Table 4 Average harmonic mean and kappa scores of each round
Fig. 3
figure 3

Growth curve of the average kappa scores for the three groups of training participants. The abscissa is the number of training rounds, and the ordinate is the Kappa score

Kappa consistency test results for each group

A total of 18 participants were divided into three groups. The mean kappa score of each group was calculated separately. After seven rounds of training, the average kappa score of Groups 1, 2, and 3 increased from 0.478 to 0.658, 0.417 to 0.757, 0.638 to 0.791, respectively (Table 5). Figure 4 illustrates the curves according to the kappa scores of the three groups.

Table 5 Mean kappa scores of the three groups
Fig. 4
figure 4

Growth curve of the average kappa scores for each of the three groups. The abscissa is the number of training rounds, and the ordinate is the Kappa score


Medical imaging— a highly pratical discipline— is akin a bridge connecting basic medicine and clinical medicine [14]. In practice, the detection of pulmonary nodules requires a certain level of clinical experience, which is immensely significant for the risk assessment of lung cancer. The increasing rate of chest CT screening and the concomitant heavy reading work exacerbates the fatigue of radiologists. Consequently, the risk of missed diagnosis or misdiagnosis increases [15]. The emergence of AI has significantly improved the diagnostic accuracy of radiologists. AI has greater than 95% diagnostic sensitivity and specificity [16], which is a pulmonary nodule detection model built on the architecture of the convolutional neural network [17].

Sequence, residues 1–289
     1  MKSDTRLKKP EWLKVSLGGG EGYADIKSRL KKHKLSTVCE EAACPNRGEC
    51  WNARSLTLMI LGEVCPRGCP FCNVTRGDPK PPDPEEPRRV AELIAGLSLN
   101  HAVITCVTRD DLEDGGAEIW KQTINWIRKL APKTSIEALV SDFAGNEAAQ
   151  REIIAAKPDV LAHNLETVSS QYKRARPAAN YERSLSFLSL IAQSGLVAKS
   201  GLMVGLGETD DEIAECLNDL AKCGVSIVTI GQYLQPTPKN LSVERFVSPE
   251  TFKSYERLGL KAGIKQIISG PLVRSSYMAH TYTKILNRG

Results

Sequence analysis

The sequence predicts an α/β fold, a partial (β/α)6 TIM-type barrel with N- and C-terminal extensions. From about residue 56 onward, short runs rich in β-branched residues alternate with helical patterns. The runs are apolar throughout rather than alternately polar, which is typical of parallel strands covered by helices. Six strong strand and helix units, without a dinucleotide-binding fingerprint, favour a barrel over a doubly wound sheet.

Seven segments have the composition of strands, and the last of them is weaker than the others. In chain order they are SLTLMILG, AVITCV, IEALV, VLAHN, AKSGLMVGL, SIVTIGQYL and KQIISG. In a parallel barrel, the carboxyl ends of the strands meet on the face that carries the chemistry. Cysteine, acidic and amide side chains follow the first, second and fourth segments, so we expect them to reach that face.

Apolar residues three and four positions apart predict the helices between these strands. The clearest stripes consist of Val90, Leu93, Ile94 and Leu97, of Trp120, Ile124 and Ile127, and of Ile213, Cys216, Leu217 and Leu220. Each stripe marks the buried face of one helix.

Previous studies have mainly discussed the principle and algorithm steps of AI [18, 19]; very few studies have explored how to reasonably apply AI in clinical medical imaging work and how to integrate it with clinical teaching. Many revolutionary education models have been developed to adress the mismatch between the growing personalised requirements of students and the scarce faculty. Among them, the ‘AI + education’ model has considerably addressed this issue. According to Fleichner’s update guidelines for pulmonary nodules [20], the number, diameter, density and shape of lung nodules are significant indicators for the follow-up of nodules. Therefore, this study mainly evaluated the teaching effect of radiology interns’ application of AI training in the detection and diagnosis of pulmonary nodules from the perspectives of their location, number and benign and malignant properties.